Cross-Stitch, A Gorgeous Embroidery developed from ‘X’ Stitches

Cross-Stitch, A Gorgeous Embroidery developed from 'X' Stitches
Cross Stitch By Shobha at Marasim

Cross-Stitch – The inspiration for this article came from our cross-stitch expert Shobha, who joined as our first full-time cross-stitch artisan in June 2021. Shobha has been practicing this craft for the past 17 years. When she was in her twenties, she joined the training group led by father, Colombus, and has never looked back. The crafts were introduced to her village by father Colombus almost 70 years before. Father Columbus visited India through a missionary and trained women in more than 25 villages. Today, Shobha is one of the most skilled cross-stitch artisans in her village. Therefore, under her leadership, In a few months, we will begin a training program for elevating the skills of the other cross-stitch artisan women of her village, which by the way, will be a dream come true for Shobha, as she has told this to me many times on our calls. As for our calls – it is so adorable that her elder son Abhilash coordinates video calls between us, bridging our language barriers. Thanks to her embroidery skills- she provided for her kids’ education and future and now wants to help other women in her community do the same.  How Noble!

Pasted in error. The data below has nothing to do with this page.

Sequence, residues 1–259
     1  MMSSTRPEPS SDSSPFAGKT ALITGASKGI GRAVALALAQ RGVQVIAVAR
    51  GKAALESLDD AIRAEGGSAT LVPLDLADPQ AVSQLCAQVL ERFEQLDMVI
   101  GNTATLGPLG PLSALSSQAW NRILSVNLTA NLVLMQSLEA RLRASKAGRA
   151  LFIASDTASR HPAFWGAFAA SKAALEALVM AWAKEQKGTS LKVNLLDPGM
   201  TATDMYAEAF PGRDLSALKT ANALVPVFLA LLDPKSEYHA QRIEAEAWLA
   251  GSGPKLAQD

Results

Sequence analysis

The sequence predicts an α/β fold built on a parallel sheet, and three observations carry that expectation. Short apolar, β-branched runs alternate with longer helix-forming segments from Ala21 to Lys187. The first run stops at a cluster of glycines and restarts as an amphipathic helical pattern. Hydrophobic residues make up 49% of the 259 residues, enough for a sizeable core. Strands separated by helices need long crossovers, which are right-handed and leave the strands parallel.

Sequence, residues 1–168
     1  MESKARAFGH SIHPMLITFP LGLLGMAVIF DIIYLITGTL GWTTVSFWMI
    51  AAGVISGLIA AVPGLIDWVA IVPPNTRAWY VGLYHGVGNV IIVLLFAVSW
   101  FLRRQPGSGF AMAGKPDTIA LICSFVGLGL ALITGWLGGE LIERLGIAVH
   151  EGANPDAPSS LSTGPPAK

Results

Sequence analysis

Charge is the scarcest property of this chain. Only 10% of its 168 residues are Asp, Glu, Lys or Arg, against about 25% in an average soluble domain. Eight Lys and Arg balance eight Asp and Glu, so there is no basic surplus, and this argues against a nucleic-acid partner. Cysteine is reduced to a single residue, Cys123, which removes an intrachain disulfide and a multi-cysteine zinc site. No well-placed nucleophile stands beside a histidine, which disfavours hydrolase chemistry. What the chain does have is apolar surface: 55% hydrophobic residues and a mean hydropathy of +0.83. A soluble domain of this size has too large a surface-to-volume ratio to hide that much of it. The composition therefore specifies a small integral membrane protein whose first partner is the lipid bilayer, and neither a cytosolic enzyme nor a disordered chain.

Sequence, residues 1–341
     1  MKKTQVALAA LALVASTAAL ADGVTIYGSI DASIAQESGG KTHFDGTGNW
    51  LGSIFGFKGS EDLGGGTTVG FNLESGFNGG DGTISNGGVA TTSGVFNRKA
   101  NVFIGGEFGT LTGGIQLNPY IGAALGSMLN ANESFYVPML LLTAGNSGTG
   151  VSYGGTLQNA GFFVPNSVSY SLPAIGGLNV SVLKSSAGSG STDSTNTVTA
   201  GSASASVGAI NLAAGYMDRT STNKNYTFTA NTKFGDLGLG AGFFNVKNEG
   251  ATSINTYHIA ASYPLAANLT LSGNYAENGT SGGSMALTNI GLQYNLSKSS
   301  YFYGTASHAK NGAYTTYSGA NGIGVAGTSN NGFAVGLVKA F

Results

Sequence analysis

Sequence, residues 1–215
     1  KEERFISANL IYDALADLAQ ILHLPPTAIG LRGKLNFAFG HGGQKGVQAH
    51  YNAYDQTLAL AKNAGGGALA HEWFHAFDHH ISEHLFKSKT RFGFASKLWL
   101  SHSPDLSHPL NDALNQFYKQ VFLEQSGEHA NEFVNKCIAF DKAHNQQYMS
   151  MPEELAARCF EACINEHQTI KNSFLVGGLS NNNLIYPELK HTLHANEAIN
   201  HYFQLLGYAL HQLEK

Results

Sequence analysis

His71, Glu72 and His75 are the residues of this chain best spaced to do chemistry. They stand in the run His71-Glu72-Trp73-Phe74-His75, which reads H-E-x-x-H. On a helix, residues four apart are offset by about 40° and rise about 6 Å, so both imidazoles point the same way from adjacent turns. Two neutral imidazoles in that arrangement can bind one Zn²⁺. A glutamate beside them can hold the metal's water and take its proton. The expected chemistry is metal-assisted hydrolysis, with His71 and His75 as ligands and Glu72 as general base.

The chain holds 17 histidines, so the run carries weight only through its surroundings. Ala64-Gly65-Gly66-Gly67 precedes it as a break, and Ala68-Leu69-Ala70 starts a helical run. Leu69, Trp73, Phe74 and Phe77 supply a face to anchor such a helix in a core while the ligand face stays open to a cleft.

Find more Embroideries in our Embroidery Series

Cross-Stitch, A Gorgeous Embroidery developed from 'X' Stitches
Cross Stitch By Shobha at Marasim
embroidery
Cross Stitch at Marasim

These images are from the first piece of cross-stitch we did together. Watch the full video HERE. We can’t wait to explore more of this gorgeous technique. At the same time, in today’s article, I want to share more information and perspective on this technique. Read along.